Why is career counseling important for me?
Technology is changing the world around us at a neck breaking pace. Machines are becoming ever more sophisticated and are taking over the monotonous aspects of our work schedules. Jobs that our parents and grandparents worked on have changed, become non-existent or might not exist in the next few years.
But, technology has also opened avenues that were never possible before. A career to teach computers how they should process information and data was unheard of a decade ago.
Therefore, knowing how the world would change as you go through the next few years of formal education has become more important than ever before.
A career counselor can help you understand your strengths and weaknesses and can guide you to pick up a befitting career or career options.
How does degree selection work in US & Canadian universities?
As a high-school graduate starting your bachelor's degree, you don't need to have your major figured out. In your first or freshman year, you take courses in different areas to get a taste of what other fields might be like. You can also choose to take elective courses to venture into completely unrelated areas. For example, as a student who got admitted to a university for engineering, you'd be taking mandatory engineering courses in different fields. You could also take elective courses in arts, business and science to see if something interests you in those areas.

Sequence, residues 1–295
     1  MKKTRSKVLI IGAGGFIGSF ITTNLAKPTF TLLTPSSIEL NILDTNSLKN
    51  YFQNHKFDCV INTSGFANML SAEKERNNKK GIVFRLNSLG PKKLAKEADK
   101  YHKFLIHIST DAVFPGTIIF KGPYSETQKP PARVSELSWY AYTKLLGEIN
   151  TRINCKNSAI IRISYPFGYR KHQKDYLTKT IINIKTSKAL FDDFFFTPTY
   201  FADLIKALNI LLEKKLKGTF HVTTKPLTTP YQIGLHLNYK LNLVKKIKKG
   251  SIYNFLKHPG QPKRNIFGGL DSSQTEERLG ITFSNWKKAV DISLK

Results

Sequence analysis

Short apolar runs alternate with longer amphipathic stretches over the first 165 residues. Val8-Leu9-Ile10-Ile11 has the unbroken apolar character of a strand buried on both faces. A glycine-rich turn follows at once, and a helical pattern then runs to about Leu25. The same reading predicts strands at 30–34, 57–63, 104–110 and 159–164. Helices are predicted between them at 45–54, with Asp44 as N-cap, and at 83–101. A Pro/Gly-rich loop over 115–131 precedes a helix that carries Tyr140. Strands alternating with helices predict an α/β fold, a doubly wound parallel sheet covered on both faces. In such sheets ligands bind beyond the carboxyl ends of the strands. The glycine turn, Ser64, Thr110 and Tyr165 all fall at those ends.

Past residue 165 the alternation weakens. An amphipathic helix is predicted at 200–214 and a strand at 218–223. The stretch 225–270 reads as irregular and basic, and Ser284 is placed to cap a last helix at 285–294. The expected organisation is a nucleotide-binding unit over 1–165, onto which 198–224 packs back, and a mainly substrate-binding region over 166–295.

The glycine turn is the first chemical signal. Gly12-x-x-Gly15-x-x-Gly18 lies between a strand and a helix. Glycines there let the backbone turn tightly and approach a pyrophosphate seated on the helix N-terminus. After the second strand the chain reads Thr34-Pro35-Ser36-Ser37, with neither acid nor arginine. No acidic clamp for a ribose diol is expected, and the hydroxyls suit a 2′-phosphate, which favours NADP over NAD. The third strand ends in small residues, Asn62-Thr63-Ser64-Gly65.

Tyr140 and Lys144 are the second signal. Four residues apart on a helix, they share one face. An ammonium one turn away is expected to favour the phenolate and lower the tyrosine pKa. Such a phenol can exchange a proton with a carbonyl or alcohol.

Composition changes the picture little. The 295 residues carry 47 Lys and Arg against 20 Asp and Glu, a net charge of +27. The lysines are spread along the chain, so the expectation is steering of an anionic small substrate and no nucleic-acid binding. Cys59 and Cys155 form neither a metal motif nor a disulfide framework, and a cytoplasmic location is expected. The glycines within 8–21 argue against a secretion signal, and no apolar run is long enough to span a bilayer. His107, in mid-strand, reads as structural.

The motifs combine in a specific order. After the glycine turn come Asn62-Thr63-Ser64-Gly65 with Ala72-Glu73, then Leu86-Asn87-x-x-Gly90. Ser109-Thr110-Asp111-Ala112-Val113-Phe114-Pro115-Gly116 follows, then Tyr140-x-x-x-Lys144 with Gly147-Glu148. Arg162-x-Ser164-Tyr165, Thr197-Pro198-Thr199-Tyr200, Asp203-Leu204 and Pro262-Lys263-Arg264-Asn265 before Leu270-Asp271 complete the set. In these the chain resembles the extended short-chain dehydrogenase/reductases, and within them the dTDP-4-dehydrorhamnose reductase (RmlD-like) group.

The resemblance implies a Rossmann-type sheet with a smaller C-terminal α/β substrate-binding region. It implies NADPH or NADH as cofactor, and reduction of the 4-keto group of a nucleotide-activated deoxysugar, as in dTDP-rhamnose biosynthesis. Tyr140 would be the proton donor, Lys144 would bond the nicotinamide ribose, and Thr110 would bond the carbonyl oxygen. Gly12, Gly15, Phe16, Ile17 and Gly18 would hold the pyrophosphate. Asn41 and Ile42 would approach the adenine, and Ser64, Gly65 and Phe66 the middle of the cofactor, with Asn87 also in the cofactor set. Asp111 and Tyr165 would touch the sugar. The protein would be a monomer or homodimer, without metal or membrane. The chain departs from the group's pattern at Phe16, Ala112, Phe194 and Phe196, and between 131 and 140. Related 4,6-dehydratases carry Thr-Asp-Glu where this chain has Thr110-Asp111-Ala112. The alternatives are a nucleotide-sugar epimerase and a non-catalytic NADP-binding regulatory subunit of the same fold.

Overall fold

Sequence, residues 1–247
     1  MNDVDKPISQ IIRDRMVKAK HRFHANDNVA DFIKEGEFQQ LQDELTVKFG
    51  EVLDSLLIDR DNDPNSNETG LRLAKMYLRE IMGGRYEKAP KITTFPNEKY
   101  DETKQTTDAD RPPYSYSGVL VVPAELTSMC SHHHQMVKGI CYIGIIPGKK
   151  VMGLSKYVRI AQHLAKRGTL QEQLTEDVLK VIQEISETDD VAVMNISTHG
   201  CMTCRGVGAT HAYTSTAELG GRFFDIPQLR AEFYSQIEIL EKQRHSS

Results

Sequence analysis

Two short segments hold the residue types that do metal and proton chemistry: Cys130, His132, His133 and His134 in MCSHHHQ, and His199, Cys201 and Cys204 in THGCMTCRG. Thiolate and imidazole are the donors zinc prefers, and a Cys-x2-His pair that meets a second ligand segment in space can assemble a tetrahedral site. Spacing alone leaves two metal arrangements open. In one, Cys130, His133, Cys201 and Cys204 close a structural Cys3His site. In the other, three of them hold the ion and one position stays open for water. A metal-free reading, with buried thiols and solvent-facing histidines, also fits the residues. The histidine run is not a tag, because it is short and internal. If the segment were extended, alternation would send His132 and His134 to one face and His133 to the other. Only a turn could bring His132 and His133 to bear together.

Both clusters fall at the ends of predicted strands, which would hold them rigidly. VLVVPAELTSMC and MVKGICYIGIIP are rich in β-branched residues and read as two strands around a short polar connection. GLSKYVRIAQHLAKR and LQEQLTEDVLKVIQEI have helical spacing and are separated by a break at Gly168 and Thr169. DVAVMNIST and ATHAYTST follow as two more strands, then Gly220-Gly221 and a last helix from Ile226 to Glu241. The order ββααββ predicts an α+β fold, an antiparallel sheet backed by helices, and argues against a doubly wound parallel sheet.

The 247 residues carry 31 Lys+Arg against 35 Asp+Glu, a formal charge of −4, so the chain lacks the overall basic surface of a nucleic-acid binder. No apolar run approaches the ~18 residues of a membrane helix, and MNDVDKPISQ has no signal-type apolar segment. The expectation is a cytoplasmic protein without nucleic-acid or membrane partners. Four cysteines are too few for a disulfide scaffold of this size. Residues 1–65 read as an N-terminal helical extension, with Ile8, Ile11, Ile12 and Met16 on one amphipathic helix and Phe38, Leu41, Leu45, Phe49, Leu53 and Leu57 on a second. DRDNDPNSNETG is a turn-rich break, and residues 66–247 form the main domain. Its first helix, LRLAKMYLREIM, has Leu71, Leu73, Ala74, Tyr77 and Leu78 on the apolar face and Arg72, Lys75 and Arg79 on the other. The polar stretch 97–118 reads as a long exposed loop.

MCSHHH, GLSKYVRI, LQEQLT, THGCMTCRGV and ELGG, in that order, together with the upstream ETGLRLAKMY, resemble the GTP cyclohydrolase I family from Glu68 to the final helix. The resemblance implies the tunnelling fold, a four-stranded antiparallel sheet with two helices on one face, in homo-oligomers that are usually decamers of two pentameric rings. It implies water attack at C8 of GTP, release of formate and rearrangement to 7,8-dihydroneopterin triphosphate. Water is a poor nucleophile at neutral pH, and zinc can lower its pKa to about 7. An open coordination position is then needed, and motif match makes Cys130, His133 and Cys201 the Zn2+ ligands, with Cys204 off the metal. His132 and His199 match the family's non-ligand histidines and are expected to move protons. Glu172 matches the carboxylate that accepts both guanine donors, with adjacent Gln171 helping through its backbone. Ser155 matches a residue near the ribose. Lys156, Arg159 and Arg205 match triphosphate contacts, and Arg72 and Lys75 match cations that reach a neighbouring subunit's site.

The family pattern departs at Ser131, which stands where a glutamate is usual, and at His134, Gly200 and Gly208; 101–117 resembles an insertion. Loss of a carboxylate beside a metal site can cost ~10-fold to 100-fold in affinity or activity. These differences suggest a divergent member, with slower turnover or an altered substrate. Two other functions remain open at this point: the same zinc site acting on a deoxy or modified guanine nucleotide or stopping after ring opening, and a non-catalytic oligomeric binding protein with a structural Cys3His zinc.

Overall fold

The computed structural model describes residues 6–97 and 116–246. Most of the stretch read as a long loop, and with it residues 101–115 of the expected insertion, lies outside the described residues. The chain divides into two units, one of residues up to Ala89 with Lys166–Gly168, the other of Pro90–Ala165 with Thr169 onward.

How do majors and minors work during my bachelor's degree?
During the second or sophomore year, you get to choose a major and a minor. This selection is made by you with input from your advisor. The major and minor don't have to be related. You could pick a major in electrical engineering with a minor in music.
Can I switch majors during my degree?
Yes. You can switch majors during your degree but doing so might require you to take extra courses adding time to your degree. This is true for both bachelor's and master's students.
Can I do a master's degree in any field?
Yes. US and Canadian universities allow you to pursue master's in an unrelated field to what you did your bachelor's in. The only caveat is that might have to take additional courses to meet the requirements of the new degree. For example, if you a mechanical engineer who wants to go into computer science, you can do so either by proving that you have all the necessary skills to take high level courses or by taking classes where you can learn those skills.
Have more questions about what's right for you and your career?
Feel free to reach out to us: